Ecosystem or not, the tool is one of a number of web-based authoring solutions allowing authors to…(rest of posting here)

shiftelearning.com

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Inside a cell — from Elearning Examples

Inside a cell — from Elearning Examples

Examples of elearning: Inside a cell -- from the Univ of Utah

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Make it Blended! — from Designed for Learning by Taruna Goel

Blended learning is not a new thing. It is not a radical concept. It is not a new-age way of thinking about learning. As Elliott Masie puts it: “We are, as a species, blended learners.” So, the blend existed much before we understood and (re)defined it.

What does blended learning mean?
There are many definitions of blended learning. Some focus on the technology (aka Internet) and others focus on the theories to be blended. For yet others, a blend is all about the media – combination of instructor-led and elearning. There are a few who only call it a blend when it’s a combination of different types of elearning:

There are many things to consider before designing a blended learning intervention for example:
• The learning outcomes or objectives
• The design and content of the course
• The learner analysis – motivation and comfort with multi-media
• Use of technology and new media elements
• The degree of collaboration/interaction
• The degree of feedback and level of instruction
• Assessment and evaluation of training
• The role of the instructor/facilitator

To make blended learning a success think why before you think how.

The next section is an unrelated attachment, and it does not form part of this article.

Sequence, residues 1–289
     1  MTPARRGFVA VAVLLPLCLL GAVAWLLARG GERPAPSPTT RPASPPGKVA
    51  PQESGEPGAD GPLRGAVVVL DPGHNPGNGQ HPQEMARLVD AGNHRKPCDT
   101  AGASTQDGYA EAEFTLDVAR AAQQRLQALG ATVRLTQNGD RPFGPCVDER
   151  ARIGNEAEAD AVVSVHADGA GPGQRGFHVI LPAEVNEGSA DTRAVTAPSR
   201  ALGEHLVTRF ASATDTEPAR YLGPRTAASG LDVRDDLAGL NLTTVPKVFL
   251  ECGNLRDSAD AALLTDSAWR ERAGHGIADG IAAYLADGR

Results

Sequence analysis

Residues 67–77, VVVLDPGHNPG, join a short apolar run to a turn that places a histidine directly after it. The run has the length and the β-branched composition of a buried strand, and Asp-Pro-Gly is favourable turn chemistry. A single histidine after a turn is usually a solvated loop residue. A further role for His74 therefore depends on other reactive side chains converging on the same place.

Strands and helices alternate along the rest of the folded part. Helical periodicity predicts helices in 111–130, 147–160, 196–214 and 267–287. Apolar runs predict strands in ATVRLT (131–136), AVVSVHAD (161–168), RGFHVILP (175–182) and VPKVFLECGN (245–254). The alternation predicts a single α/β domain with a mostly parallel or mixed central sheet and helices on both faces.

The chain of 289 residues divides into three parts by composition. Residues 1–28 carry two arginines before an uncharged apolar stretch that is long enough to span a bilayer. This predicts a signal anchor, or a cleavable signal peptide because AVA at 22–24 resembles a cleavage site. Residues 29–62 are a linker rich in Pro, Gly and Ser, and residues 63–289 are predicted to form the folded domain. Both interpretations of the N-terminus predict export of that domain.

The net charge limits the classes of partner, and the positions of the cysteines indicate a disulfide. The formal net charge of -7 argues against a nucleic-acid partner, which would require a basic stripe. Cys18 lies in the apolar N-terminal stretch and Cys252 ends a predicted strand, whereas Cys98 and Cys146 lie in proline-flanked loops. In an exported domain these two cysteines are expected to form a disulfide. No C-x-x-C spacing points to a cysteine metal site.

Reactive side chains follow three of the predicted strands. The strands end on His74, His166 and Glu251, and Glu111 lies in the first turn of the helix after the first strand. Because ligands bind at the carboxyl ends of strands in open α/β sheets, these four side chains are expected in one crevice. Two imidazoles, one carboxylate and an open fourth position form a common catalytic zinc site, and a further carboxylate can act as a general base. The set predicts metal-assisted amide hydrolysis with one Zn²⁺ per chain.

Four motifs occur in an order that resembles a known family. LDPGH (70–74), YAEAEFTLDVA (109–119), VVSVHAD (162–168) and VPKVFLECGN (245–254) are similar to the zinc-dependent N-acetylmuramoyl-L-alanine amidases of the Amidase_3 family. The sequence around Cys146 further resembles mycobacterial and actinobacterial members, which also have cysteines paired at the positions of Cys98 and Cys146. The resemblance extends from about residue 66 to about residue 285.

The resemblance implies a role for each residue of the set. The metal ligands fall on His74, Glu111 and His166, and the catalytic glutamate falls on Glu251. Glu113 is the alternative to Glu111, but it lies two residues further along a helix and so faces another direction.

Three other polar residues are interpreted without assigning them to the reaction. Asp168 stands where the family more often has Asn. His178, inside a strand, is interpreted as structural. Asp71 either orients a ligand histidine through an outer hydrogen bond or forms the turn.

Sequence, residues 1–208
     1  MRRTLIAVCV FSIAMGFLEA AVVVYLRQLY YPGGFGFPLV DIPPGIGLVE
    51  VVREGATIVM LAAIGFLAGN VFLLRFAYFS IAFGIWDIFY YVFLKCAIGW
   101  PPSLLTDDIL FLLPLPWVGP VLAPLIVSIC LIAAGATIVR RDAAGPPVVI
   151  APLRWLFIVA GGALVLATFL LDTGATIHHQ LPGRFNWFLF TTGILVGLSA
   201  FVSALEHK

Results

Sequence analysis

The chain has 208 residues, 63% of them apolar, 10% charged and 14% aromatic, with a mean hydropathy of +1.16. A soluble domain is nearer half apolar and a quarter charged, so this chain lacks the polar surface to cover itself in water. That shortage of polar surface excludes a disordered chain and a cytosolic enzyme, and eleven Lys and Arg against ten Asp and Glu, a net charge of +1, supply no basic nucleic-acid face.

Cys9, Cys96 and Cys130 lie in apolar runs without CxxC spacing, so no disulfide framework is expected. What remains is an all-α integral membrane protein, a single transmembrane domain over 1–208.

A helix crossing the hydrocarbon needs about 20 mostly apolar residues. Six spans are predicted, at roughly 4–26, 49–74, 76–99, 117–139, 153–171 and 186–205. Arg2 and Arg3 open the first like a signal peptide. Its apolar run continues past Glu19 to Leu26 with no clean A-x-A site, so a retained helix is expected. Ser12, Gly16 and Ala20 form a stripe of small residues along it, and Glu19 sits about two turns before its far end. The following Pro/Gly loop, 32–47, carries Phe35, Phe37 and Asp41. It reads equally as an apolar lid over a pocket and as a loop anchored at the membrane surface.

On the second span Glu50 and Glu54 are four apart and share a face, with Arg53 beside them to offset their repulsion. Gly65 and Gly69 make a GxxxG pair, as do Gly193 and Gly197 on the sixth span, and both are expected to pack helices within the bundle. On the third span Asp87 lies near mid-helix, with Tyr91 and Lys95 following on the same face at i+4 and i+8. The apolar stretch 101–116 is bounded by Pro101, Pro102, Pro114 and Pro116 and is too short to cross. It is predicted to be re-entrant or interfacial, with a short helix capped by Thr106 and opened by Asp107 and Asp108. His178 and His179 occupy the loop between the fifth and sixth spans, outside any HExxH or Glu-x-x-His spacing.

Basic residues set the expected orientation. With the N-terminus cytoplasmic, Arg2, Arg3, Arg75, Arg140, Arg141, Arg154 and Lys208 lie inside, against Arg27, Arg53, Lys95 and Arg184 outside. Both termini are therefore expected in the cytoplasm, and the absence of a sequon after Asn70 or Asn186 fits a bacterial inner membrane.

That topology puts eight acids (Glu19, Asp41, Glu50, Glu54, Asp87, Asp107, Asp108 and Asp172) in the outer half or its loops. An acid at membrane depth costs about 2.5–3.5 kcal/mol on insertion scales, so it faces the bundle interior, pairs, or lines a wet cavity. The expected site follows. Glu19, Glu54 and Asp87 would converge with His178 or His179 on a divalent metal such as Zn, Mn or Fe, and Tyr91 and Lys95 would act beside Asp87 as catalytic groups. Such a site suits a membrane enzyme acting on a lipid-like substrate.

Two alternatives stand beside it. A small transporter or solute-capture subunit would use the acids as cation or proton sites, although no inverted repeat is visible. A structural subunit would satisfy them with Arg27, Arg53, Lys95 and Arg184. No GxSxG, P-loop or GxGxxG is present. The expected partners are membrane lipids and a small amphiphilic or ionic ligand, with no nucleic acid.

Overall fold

Struggling with the costs of teaching in higher education — Tony Bates

“So you can imagine my delight when Volume 38, Number 3 of ‘Planning for Higher Education‘, devoted almost entirely to Issues in Higher Education Finance’ arrived in the mail. There was indeed some very interesting findings in the papers in this volume, some of which certainly is of value in supporting what I am going to write in the chapter.”

From that posting, Tony lists the following references:

Bates, A. (1995) Chapter 8: Web-based learning: costs and organizational issues, in ‘Technology, e-Learning and Distance Education‘ London/New York: Routledge

Brinkman, P. and Morgan, A. (2010) Financial Planning: Strategies and Lessons Learned Planning for Higher Education, Vol. 38, No. 3, pp. 5-14

McPherson, P. and Shulenburger, D. (2010) Understanding the cost of public higher education Planning for Higher Education Vol. 38, No. 3, pp. 15-24

Rumble, G. (2001) The Cost and Costing of Networked Learning Journal of Asynchronous Learning Networks, Volume 5, Issue 2

Seybert, J. and Rossol, P. (2010) What drives instructional costs in two year colleges Planning for Higher Education Vol. 38, No. 3, pp. 38-44

Twigg, C. (1999) Improving learning and reducing costs: re-designing large enrollment classes Troy NY: The National Center for Academic Transformation

Wellman, J. (2010) Improving data to tackle the higher education ‘cost disease’ Planning for Higher Education Vol. 38, No. 3, pp. 25-37

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Lectora templates for the iPad…interesting….

Lectora templates for the iPad...interesting....